Analytical Forensics Research

The problem of how to comb through large amounts of data produced from a computer network to identify with high-confidence breaches and misuses remains a hard problem in practice. This research aims at designing proper theoretical models and pracitcal tools to help aid a human analyst in this task. A key challenge is how to model the uncertainty inherent in this reasoning process, and how to design technologies that human analysts can easily interact with to drive the investigation process. It is unlikely that this task can be completely automated (we are dealing with human adversaries any way), but the current state of the art certainly has great room for automation. For example, while most enterprise computing environments are proactively monitored for threats and security violations using automated detection engines, the ability to validate reported events as true incidents still requires a non-trivial amount of time and information gathering as well as investment in staffing and training of personnel. To improve an organization's overall reactive security posture and reduce some of the associated costs we propose an investigation model supported by predictive, automated data collection and guided presentation of the resulting information. By modeling the investigative goals and requirements for each event type, this approach can automate proactive data collection actions wherever possible thus reducing the investigation time as well as providing a consistent framework for the monitoring staff. By providing the goals of the alert validation process the framework also reduces the minimum skill required of monitoring staff, thus widening the labor pool to tackle this big-data challenge. By following this method, false positive alerts are more quickly pared down allowing for better utilization of skilled resources by focusing efforts on only those alerts validated as genuine.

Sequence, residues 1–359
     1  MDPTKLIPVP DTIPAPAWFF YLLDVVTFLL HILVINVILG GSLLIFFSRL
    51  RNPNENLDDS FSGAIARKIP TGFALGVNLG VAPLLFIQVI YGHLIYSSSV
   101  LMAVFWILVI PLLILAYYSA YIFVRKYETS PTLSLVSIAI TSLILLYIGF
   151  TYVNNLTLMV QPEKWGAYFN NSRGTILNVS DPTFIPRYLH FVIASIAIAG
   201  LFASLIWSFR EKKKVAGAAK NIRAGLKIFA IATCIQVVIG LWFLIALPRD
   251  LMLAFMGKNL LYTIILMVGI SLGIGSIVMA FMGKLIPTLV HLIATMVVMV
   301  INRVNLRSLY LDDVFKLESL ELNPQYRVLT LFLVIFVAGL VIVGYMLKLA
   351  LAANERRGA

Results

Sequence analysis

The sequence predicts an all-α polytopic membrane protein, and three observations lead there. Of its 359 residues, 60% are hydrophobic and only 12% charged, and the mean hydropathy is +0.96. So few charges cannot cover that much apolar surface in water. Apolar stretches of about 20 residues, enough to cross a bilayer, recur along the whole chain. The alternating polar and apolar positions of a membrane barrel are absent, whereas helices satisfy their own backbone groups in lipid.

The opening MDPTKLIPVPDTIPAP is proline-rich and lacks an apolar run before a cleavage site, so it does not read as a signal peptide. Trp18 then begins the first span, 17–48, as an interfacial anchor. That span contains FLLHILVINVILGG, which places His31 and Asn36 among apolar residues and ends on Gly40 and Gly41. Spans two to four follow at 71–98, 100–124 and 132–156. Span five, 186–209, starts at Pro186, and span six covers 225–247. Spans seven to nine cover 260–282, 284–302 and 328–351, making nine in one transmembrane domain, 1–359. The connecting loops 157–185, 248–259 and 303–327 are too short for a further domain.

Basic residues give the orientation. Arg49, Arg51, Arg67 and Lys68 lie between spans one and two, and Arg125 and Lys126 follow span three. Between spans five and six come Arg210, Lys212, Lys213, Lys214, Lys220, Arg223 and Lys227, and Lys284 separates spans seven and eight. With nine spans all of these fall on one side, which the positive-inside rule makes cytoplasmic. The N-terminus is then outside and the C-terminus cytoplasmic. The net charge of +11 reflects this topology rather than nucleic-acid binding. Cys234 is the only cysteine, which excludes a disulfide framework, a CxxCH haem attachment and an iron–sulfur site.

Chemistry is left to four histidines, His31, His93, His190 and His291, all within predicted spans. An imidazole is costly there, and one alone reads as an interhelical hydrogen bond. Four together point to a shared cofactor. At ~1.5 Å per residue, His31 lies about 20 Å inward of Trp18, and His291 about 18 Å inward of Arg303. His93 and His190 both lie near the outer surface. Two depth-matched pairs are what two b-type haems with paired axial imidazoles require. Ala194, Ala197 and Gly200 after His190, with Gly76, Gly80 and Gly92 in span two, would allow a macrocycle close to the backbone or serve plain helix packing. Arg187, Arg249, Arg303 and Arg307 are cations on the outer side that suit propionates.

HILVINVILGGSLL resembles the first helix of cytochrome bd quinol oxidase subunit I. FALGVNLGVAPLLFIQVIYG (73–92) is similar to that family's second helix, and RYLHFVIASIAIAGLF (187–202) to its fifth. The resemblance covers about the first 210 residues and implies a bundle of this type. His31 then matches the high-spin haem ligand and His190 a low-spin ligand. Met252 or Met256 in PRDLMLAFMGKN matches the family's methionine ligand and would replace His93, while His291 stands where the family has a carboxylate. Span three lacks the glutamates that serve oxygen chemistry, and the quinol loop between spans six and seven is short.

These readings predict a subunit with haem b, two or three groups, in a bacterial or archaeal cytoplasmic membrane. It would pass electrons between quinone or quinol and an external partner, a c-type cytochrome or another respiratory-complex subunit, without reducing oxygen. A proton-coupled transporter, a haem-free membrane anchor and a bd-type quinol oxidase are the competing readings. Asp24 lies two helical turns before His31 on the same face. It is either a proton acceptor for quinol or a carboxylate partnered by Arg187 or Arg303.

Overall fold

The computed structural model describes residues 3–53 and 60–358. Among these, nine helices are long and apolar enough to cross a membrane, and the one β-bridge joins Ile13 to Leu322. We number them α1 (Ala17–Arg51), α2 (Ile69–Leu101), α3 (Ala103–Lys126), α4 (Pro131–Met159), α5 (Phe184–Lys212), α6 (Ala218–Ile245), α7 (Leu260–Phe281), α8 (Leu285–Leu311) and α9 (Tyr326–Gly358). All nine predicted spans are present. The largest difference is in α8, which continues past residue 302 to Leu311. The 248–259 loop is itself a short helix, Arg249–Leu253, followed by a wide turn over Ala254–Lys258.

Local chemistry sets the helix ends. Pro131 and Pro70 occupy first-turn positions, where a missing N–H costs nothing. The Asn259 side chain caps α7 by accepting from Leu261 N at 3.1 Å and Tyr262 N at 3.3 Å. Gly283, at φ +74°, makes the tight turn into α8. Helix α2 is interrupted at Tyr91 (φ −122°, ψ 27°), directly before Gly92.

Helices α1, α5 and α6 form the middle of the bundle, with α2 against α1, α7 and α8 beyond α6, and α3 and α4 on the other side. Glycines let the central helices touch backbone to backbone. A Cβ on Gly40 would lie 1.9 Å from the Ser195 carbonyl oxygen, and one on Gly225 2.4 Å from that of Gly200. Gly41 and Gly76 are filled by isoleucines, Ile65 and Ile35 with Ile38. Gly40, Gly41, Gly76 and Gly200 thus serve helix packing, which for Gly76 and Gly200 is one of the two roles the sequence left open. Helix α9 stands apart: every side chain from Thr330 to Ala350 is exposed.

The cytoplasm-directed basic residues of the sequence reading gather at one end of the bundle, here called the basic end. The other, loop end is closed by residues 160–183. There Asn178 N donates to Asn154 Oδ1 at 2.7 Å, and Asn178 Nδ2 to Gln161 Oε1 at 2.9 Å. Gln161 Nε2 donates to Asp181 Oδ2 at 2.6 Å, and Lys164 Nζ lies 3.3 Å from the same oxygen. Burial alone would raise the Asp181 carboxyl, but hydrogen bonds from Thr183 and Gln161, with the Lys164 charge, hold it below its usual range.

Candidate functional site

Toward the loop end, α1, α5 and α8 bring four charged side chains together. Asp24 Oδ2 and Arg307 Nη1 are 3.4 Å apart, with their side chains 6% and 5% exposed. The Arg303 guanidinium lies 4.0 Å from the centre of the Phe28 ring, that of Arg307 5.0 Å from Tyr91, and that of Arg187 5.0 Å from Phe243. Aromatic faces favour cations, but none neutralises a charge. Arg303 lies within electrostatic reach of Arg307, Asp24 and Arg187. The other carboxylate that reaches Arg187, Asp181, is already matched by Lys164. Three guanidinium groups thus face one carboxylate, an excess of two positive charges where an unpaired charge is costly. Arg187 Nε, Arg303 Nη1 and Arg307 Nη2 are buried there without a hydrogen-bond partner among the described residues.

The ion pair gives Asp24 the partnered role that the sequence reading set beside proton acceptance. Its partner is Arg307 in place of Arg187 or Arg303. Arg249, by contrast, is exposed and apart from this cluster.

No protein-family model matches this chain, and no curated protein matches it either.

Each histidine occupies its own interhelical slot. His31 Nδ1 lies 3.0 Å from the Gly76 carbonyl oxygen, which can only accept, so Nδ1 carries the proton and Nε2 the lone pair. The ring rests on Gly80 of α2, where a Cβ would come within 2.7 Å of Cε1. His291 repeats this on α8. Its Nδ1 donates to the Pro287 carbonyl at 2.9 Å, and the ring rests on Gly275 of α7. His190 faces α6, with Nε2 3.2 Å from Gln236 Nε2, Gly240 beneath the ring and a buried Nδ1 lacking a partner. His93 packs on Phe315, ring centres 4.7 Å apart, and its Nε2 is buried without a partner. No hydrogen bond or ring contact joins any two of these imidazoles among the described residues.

Faculty: Collaborators:
  • Dr. Raj Rajagopalan (Honeywell ACS Labs)
  • Dan Moor (HP)
  • Gaurav Shah (HP)
  • Anthony Manassero (HP)
Students: Papers and Presentations: Acknowledgment:
This research is supported by the National Science Foundation under Grant No. 0954138, 1018703, and 1314925, and by HP Labs Innovation Research Program. Any opinions, findings and conclusions or recommendations expressed in this material are those of the authors and do not necessarily reflect the views of the sponsors.